Q&A With Camera Obscura's FX Maestro Jeff Farley
Part of what makes the horror genre so much fun is all the creatures lurking in the shadows. One man who knows that in particular is special effects creator Jeff Farley, whose work has recently been featured in "Camera Obscura", a new web series by Drew Daywalt that is currently being featured on Daily Motion as well as right here on Dread Central.
Farley, who grew up in Southern California, has made a name for himself over the last 25 years in the industry, working on such classics like The Serpent & The Rainbow, Shocker and Freddy’s Dead as well as modern cult faves like Puppet Master vs. Demonic Toys, Evil Bong, and Parasomnia. We recently had a chance to catch up with Farley to chat about how he got his start working in special effects and his collaboration with Daywalt on "Camera Obscura".
Dread Central: Can you talk about how you got interested in FX work and your start in the industry? Did you have industry heroes when you were starting out?
Jeff: Being born and growing up in Glendale during the 60's and '70's, I happened to be in the hub of the effects industry. By the time I was a teenager, I was hanging out every weekend at Forrest J. Ackerman's and meeting all of these incredible people like Ray Harryhausen and John Landis. It was through Forry that I met Douglas Barrett Jones, who had worked for the Burmans, and he brought me onto my first film, Kingdom of the Spiders. It was a lowly job of making background spiders, but my two friends, Skip Torvinen and Mike Schulte, and I dove in and helped for a couple of weeks.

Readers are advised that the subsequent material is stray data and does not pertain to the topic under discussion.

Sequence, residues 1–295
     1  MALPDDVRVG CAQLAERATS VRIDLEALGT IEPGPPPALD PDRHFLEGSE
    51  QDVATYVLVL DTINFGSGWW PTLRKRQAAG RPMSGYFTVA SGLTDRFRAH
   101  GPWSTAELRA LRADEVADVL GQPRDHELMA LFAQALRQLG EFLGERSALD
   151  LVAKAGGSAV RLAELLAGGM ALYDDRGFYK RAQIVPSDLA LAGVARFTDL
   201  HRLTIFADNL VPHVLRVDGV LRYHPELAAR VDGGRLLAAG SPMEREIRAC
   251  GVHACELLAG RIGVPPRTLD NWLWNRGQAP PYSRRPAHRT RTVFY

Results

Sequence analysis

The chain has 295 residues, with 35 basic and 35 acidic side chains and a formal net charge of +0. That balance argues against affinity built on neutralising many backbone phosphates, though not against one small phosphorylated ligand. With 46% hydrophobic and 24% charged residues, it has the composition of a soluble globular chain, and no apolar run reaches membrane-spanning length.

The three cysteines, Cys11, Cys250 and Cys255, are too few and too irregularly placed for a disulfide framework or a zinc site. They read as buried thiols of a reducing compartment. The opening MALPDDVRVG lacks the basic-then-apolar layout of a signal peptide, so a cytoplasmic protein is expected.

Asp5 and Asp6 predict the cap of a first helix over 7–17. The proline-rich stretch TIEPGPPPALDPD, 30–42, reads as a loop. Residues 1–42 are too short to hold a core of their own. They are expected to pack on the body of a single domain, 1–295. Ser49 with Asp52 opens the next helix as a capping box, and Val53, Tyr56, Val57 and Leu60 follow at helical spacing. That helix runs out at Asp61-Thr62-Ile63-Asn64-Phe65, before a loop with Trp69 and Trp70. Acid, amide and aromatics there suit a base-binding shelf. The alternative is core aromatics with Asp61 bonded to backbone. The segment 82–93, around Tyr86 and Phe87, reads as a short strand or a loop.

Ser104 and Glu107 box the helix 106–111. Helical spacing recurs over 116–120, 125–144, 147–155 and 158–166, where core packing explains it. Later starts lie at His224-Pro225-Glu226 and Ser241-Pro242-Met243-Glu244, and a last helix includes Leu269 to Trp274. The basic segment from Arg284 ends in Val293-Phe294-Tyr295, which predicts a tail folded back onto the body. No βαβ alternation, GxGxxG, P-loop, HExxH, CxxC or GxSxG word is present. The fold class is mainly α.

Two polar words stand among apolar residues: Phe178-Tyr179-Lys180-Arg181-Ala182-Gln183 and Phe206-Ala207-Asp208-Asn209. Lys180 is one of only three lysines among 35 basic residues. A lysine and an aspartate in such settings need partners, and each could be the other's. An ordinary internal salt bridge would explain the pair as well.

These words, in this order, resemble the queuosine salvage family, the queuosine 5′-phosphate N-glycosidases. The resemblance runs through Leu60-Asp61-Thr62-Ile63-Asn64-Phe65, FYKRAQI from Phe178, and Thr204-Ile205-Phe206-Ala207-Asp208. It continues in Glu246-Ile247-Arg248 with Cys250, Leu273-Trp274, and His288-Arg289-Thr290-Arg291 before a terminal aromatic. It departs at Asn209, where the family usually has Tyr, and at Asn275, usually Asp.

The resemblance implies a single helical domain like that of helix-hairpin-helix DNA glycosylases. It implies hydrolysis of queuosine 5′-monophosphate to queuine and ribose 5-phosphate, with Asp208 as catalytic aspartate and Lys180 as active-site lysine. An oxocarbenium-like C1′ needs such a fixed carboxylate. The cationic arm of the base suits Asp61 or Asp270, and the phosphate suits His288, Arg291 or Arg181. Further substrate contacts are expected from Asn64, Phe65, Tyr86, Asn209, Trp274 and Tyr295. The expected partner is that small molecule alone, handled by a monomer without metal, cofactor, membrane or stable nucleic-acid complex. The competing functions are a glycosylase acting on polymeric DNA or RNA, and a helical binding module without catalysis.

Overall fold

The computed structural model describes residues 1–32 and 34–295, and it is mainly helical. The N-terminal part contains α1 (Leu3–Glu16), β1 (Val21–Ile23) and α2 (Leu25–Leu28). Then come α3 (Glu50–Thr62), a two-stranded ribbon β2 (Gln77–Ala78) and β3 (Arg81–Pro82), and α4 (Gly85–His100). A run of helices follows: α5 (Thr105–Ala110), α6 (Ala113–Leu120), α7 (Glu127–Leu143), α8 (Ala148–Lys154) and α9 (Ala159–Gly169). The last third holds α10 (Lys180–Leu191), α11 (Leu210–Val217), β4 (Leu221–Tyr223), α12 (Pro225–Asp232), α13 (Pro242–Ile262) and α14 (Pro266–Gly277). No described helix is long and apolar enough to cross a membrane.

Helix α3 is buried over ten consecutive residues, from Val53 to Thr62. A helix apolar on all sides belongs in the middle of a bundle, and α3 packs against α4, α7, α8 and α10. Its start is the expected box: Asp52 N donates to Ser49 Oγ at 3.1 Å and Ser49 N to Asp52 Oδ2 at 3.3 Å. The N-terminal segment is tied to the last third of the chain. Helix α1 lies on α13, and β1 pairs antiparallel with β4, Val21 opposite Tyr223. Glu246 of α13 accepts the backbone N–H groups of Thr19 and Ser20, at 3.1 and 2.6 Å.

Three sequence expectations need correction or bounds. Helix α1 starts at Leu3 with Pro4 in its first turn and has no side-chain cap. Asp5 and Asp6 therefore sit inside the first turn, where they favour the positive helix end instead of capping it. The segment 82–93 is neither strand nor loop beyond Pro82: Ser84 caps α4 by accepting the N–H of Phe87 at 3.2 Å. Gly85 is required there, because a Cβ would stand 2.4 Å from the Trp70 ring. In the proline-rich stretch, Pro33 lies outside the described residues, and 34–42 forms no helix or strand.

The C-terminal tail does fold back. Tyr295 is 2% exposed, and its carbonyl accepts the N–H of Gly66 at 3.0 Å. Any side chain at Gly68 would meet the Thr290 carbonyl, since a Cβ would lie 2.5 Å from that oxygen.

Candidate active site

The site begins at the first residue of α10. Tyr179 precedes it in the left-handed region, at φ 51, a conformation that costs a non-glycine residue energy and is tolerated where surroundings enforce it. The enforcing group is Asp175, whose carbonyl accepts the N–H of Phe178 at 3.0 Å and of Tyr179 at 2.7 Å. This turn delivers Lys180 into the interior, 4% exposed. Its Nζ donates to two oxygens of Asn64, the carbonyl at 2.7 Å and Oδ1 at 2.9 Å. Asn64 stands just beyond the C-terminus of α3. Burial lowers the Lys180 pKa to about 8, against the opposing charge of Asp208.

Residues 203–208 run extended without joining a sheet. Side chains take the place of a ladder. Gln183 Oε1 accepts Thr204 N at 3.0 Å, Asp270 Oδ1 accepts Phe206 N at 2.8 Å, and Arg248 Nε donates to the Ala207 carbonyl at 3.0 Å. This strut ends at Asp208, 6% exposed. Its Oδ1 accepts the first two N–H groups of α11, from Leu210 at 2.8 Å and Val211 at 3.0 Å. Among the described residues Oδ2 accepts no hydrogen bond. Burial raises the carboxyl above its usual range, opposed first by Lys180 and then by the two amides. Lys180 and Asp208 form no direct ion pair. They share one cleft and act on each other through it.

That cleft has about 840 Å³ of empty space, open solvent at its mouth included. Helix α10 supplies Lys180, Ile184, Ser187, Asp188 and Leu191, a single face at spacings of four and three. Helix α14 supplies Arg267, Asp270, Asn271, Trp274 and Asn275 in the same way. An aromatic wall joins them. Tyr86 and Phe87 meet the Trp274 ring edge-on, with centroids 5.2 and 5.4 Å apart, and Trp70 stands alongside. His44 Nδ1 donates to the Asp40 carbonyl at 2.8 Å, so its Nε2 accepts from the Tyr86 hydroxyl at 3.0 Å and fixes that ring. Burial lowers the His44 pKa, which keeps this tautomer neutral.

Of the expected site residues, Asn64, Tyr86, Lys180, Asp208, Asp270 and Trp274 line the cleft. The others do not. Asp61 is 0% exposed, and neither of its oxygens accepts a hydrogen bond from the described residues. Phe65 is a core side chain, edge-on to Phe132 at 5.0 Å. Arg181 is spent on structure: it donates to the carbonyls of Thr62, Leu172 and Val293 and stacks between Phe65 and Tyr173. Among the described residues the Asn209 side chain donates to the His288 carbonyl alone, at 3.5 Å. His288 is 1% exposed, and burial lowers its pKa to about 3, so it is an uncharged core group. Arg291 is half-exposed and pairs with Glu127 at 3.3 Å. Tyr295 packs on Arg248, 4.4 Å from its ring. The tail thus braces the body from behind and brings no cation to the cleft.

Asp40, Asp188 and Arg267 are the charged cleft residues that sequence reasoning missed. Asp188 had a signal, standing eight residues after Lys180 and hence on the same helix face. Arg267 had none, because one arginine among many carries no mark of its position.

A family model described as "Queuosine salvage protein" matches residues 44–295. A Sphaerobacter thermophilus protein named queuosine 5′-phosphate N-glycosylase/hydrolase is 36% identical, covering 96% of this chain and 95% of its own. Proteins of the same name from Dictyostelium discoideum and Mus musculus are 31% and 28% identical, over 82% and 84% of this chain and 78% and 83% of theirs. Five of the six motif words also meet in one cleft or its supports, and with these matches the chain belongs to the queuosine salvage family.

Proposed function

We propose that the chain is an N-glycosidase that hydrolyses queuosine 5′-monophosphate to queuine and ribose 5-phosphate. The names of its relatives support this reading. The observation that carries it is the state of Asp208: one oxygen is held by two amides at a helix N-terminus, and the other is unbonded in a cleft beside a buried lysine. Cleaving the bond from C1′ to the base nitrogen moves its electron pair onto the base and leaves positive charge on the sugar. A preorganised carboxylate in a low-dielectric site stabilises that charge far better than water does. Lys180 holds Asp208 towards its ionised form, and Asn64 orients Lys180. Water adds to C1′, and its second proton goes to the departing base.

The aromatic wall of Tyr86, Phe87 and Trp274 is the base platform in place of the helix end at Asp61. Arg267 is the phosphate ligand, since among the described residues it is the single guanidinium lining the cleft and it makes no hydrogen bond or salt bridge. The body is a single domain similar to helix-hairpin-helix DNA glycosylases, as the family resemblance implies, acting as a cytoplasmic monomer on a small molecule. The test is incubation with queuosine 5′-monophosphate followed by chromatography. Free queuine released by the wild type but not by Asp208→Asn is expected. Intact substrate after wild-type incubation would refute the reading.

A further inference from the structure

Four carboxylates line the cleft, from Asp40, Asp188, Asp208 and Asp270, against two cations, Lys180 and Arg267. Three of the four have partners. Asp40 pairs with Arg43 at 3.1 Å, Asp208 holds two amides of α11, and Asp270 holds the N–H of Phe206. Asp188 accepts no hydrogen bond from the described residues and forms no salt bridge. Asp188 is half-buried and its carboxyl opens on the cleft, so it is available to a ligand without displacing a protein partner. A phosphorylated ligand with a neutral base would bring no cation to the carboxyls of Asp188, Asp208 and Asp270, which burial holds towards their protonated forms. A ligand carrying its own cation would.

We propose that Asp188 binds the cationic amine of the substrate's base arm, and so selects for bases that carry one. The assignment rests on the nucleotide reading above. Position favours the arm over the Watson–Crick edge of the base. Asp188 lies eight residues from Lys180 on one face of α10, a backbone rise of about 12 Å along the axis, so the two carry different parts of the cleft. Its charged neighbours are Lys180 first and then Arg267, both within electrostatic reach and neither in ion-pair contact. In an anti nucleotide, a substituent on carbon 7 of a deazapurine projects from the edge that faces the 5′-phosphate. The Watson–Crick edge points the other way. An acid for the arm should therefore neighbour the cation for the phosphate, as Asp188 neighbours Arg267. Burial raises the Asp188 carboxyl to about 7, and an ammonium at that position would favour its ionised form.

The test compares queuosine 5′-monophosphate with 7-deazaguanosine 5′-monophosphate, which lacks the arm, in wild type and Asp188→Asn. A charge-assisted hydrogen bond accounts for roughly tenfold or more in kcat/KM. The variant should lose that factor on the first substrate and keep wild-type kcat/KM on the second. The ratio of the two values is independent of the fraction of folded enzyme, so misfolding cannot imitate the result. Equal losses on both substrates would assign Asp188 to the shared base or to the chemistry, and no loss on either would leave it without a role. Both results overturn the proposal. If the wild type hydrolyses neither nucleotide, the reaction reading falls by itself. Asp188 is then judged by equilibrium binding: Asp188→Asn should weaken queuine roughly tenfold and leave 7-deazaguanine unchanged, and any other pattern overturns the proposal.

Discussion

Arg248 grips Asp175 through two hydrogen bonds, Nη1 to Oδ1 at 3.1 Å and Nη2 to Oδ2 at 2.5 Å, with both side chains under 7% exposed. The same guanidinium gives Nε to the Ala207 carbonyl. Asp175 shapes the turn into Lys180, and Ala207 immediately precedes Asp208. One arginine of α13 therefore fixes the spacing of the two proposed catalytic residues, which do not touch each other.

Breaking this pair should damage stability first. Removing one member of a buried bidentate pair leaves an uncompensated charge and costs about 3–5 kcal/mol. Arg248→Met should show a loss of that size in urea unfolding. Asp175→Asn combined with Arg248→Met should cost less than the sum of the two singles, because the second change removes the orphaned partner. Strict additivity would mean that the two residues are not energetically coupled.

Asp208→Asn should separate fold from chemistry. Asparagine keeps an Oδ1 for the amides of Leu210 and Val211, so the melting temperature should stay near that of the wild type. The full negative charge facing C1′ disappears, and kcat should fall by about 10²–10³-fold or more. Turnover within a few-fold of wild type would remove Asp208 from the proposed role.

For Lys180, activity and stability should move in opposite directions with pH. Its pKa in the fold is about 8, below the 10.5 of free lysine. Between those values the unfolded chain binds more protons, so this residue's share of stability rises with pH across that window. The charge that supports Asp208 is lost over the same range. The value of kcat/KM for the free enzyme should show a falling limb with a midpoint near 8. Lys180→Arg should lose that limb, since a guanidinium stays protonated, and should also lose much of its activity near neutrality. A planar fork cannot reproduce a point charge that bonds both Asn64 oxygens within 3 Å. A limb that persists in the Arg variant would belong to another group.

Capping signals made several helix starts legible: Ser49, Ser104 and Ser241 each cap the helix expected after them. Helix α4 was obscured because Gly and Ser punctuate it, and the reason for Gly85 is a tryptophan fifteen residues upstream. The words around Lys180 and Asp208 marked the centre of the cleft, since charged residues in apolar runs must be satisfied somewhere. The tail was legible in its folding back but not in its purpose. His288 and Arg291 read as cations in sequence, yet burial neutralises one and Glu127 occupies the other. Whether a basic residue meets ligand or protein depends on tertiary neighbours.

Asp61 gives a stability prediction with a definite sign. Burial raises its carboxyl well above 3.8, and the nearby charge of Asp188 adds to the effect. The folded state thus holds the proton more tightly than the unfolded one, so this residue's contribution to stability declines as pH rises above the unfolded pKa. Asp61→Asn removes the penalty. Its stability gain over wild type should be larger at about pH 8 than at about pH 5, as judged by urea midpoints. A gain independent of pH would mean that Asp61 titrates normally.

One of my neighbors was a guy named Richard Chew, and it turned out the he was one of the editors of Star Wars and Wolfen, and I'll never forget holding his Oscar.
I also spent a lot of time bugging guys like David Allen, Jim Danforth, Dennis Muren and Mark McGee because of their involvement in Equinox. It turns out that they had shot that film around the area where I lived, and I realized then that it was possible for me to work in this field as a career. They were incredibly generous and helped me develop my interest into a skill. I'll never be able to thank them enough.
It seems strange to me now that I realize I had a very privileged childhood. Looking back to the time that I was given the opportunity to play with an original Mighty Joe Young armature is a very surrealistic yet satisfying experience considering what I ended up doing. I try now to pass on to others what was passed on to me from those before by way of encouragement.
DC: How did you get involved with Drew Daywalt originally?
Jeff: I had answered an ad he put out looking for a monster for one of his films. It turns out it was for these guys called Fewdio. I had no idea who they were, but I knew when I saw the samples they brought that this was something special so I agreed to do a puppet for what ended up as Breach. Over the next few months he would contact me for projects that I wasn't available for, but he would continue to call. Working with Drew has wound up being the best move I've made in my career as he has not only been absolutely the best person I've worked with, he, his family and friends have become good friends also. I can never thank him enough for including me.